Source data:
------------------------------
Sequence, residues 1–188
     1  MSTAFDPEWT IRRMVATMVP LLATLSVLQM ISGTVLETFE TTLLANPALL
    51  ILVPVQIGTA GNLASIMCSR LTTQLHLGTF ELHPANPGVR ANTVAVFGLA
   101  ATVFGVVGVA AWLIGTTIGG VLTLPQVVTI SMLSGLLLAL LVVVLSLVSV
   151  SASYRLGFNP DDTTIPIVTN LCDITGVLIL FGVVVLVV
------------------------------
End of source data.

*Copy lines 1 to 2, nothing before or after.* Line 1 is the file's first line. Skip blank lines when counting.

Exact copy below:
Sequence, residues 1–188
     1  MSTAFDPEWT IRRMVATMVP LLATLSVLQM ISGTVLETFE TTLLANPALL